When you’re walking, stop to link your hands behind your back to open your shoulders and get a sense of where your spine should be.

And when sitting, remember BBC: Bum on Back of Chair (sit on the bottom of your jean pockets, not the top).

comfortable shoes back pain

4. Wear flat shoes

You may long for fabulous footwear, but sticking to heels no higher than one and a half inches will help you keep your posture when pregnancy has thrown you off balance as your centre of gravity shifts.

It's also a good idea to invest in insoles with good arch support, you won't believe how much it will help your back.

vitamins pregnant

5. Feel-good foods (and vitamins) 

Omega-3 fatty acids found in fish such as salmon could help relieve back pain by calming inflammation in your blood vessels and nerves. Remember however to eat the oily fish no more than twice a week. You could also take Omega-3 supplements (not cod liver oil) to keep levels topped up and keep back aches in check.

Read more: Your guide to prenatal vitamins and supplements

pregnant woman bending

6. Bend at the knees

Bending at the knees to pick things up, rather than curling your whole body forward, means you bear weight in your legs, not your spine.

‘To check you are doing this right, stand in front of a chair and bend as though you’re going to sit,’ says Joanna. ‘As your bottom is about to hit the chair, your back should be neutral, with your heels on the floor and your knees bent.’

Think squat down and lift, rather than putting more strain on your back. Try to avoid lifting if possible, ask your partner or children to help you, or try to do things standing up or sitting down as much as possible while doing chores etc - for example fold the laundry on your kitchen counter or table, or while sitting on the sofa.

pregnant hot water bottle

7. Soothe pains

Avoid anti-inflammatory painkiller gels with diclofenac, such as Voltarol Emulgel - while good for back pain, as they block the chemicals that cause inflammation, stiffness and tenderness - they are not advised for use while pregnant, particularly if in your third trimester. Instead opt for natural ways to soothe pain.

Studies say acupuncture can be more effective than drugs, while a covered hot-water bottle can help relax tight muscles and boost circulation to ease inflammation.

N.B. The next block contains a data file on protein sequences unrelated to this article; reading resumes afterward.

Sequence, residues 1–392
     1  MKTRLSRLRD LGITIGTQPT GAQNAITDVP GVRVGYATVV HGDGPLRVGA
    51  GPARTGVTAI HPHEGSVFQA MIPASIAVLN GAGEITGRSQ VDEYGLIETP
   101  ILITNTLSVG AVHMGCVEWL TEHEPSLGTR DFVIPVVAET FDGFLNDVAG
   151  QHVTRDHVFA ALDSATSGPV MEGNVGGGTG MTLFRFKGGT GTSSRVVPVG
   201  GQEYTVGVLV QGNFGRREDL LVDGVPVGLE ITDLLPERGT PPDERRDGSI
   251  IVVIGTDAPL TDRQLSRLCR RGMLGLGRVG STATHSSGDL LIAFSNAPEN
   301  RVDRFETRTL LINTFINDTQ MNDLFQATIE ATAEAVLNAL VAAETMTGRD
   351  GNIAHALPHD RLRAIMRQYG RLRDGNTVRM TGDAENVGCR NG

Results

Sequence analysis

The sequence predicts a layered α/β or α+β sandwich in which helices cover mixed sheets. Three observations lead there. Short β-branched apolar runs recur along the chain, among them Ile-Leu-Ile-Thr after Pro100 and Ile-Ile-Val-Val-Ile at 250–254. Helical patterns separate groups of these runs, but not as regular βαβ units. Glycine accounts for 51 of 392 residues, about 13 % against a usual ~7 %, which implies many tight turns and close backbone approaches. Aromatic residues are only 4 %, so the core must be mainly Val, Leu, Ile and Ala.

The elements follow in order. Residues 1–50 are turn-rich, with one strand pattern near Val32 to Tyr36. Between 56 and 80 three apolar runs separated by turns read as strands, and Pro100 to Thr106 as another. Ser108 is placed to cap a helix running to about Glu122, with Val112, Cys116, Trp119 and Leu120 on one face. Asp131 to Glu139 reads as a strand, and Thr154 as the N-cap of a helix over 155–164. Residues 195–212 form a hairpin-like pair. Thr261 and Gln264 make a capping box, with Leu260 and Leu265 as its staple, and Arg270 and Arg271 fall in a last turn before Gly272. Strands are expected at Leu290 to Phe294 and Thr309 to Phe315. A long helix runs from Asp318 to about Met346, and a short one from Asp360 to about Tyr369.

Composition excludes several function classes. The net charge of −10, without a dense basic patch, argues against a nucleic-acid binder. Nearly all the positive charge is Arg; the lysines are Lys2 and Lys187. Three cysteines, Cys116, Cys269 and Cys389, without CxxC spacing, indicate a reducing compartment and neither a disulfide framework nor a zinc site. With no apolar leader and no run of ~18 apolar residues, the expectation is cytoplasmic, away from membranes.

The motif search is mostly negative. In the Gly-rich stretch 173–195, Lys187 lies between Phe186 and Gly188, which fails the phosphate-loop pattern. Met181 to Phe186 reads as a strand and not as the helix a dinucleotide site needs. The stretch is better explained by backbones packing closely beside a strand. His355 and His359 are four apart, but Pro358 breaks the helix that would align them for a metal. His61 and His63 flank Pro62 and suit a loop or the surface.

You can take paracetamol to ease back pain while you are pregnant, unless your GP or midwife says not to. Always follow the instructions on the packet.

pregnant woman stretching at desk

8. Mix up your movements

Repetitive movements can trigger pain, so if you're working from home and sitting at a desk all day, mix things up — try to take regular short breaks, even if you just do a circuit of the room, stretching your arms behind your back.

If you're already a mum, feeding, changing nappies and lifting your baby involve a series of repetitive movements. The best way to avoid it, while it may feel unnatural, is to try to alternate the side on which you hold your baby.

How does scoliosis affect pregnancy?

Most pregnant women with sideways curvature of the spine, or scoliosis, will find that their condition doesn't affect their pregnancy at all.

However, women with severe curvature of the spine, or those whose scoliosis involves the hips, pelvis or shoulders, may experience more pain and discomfort, breathing problems or weight-bearing difficulties — especially later in the pregnancy.

Back pain in pregnancy — third trimester

If you're experiencing back pain in your third trimester, let your midwife or GP know, as it could be a sign of early labour.

When should I worry about back pain in pregnancy?

You should seek medical advice if your backache is very painful, if you have pain in your back and you experience any loss of sensation in your legs or bum, or you have pain in your sides (like a stitch).


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Having worked across a variety of magazines, on topics from food to travel to horses, Stephanie now works as a Digital Writer for Mother&Baby online. 

She loves taking her lurcher puppy Moss for long walks in the country, and spending time with her niece and two nephews. In her spare time she writes fiction books and enjoys baking (her signature bake is lemon drizzle cake).